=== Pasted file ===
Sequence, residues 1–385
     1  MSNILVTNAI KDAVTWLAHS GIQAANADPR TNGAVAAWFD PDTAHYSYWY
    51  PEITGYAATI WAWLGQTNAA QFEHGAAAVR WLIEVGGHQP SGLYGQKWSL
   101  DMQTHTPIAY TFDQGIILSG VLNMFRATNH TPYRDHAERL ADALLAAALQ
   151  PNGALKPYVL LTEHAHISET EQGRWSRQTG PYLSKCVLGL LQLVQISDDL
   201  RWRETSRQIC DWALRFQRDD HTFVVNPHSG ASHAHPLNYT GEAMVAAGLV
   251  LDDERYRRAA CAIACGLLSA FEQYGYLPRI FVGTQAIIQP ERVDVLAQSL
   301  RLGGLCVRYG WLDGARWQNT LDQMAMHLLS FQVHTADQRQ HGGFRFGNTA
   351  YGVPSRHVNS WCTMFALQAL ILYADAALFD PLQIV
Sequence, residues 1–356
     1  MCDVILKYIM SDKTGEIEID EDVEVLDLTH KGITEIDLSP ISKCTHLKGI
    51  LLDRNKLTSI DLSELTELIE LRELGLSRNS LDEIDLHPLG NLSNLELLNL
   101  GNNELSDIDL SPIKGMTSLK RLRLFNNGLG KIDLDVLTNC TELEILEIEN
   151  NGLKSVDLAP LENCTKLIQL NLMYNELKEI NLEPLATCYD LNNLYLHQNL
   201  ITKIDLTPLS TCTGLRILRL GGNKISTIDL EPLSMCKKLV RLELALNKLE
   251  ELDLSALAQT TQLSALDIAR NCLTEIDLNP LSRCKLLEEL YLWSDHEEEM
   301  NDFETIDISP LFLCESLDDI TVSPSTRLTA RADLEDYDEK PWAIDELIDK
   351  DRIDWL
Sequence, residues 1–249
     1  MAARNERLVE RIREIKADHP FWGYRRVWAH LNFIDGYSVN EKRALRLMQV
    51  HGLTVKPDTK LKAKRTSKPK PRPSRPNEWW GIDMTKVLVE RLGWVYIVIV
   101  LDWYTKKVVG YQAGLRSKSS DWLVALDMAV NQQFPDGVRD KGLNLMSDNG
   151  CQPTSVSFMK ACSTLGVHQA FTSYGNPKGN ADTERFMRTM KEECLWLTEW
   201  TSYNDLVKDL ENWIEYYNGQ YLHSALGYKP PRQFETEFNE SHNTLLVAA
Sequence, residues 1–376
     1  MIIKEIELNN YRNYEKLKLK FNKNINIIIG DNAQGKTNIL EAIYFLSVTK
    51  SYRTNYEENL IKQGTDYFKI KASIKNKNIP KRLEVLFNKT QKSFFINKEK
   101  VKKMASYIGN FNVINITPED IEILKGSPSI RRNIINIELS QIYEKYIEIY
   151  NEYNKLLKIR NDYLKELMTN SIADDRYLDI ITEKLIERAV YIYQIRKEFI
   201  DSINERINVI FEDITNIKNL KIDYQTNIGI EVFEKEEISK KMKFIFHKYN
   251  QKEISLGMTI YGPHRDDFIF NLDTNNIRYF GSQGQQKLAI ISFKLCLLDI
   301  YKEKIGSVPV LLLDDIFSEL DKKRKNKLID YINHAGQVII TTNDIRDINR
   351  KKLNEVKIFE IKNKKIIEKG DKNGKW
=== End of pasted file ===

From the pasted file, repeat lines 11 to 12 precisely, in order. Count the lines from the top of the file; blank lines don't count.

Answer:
     1  MCDVILKYIM SDKTGEIEID EDVEVLDLTH KGITEIDLSP ISKCTHLKGI
    51  LLDRNKLTSI DLSELTELIE LRELGLSRNS LDEIDLHPLG NLSNLELLNL